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Art Institute Exhibit Turning Brides Into Bridezillas

By Chuck Sudo in Arts & Entertainment on May 18, 2011 7:40PM

Image via the Art Institute of Chicago.

The Art Institute of Chicago has a new site-specific exhibit from artist Pae White called Restless Rainbow in which White looks at what would happen if a rainbow became disorganized. Per the Art Institute's description:

From the surface of the floor to the tops of the glass walls, White’s work turns the Bluhm Sculpture Terrace into a completely activated site in and of itself. Restless Rainbow inverts the traditional act of “looking out” from the terrace—at the Chicago skyline, Millennium Park, and the lakefront—and instead invites visitors to enjoy it as an immersive space, brought fully to life through the use of color, line, and texture. White said, “I am not really interested in the blurring of boundaries; it’s really more that there is an art opportunity in all of these things. . . . In many ways it is about finding these hidden zones.” The Bluhm Family Sculpture Terrace is just such a “hidden zone.” Though highly visible, it is recognized more for what it presents than for its own spatial dynamics. Restless Rainbow changes that equation, bringing the space to life through a riot of color and play.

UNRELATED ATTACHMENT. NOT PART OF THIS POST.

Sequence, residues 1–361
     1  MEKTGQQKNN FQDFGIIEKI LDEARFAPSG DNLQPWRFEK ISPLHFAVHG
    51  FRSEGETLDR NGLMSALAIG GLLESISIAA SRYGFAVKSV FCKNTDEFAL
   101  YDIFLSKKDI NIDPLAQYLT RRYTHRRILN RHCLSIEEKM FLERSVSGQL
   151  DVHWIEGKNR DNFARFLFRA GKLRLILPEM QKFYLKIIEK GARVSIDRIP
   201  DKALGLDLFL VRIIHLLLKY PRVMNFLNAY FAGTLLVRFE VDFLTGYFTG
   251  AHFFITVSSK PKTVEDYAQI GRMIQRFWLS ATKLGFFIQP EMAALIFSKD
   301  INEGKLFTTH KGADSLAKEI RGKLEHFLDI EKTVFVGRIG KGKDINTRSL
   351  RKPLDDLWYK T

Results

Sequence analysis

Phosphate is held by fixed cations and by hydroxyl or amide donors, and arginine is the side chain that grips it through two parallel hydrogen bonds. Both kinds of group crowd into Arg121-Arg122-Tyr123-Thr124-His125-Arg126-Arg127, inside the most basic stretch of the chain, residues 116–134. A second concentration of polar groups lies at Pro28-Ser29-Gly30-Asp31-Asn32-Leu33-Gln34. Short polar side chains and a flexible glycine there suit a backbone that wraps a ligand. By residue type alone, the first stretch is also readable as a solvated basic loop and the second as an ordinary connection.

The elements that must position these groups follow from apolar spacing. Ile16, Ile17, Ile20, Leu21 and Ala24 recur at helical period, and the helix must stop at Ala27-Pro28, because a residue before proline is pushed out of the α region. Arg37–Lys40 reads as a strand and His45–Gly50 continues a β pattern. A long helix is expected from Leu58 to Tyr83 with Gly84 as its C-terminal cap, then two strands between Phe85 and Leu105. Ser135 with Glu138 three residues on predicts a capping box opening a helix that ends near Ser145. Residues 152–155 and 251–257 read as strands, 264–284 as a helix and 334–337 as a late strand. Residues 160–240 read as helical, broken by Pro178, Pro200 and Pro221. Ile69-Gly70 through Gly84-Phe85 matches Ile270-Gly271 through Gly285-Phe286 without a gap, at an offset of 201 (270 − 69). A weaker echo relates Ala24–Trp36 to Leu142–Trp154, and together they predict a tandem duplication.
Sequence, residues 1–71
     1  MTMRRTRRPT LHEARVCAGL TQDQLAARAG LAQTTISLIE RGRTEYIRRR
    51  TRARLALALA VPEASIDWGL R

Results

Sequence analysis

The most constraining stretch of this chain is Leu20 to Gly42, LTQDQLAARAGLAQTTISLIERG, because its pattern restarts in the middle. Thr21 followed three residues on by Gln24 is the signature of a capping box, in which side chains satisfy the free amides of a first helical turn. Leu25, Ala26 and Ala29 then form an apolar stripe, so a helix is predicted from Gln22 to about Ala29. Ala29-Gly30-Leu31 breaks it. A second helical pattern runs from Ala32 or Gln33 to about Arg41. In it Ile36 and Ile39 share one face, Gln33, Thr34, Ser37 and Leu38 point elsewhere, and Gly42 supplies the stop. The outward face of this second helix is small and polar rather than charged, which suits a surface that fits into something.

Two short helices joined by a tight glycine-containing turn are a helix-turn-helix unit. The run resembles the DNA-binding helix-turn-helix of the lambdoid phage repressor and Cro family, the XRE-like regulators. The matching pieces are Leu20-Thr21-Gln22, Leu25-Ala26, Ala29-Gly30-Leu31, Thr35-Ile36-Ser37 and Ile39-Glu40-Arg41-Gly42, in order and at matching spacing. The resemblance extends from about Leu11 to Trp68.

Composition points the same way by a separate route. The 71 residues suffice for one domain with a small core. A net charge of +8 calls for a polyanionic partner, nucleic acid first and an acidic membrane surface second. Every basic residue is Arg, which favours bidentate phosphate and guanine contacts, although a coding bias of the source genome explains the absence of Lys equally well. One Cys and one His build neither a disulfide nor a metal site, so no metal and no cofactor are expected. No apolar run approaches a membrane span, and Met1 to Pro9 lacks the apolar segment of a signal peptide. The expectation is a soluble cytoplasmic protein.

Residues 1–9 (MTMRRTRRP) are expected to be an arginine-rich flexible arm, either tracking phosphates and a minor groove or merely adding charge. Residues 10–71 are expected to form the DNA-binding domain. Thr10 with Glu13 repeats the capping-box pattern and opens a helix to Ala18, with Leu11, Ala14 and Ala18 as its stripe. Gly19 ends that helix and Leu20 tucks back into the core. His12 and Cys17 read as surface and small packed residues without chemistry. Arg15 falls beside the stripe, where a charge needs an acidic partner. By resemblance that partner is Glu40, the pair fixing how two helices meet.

What the Bluhm Family Sculpture Terrace also represents, to women who pay anywhere from $5,000-$10,000 for the privilege, is a wedding venue with a gorgeous view of the Chicago skyline. A venue with a now obstructed view of the skyline that doesn't fall in line with some brides dreams of the perfect wedding. Some of those brides are venting to the Tribune, now that the Art Institute has informed them that White's exhibit was dotted and crossed. Gabrielle Berger is one of those brides. She calls White's exhibit an "acid-trip funhouse."

"I knew what risks we were taking in booking the space," said Berger, who thought the stark white walls of the Modern Wing would fit with her wish for a "minimalist" wedding. "But what they've selected to display in the space during wedding season is absurd."

Tribune reporter Cynthia Dizikes writes that the exhibit and the problems it poses to the Princess Bride fantasies of wedding parties who booked the terrace "highlights the fine line modern-day museums sometimes walk between art and commerce." Here's another fine line: White's exhibit is largely funded by the Bluhm Family Endowment. The same Bluhm family for whom the Terrace is named.

Money talks. Some louder than others.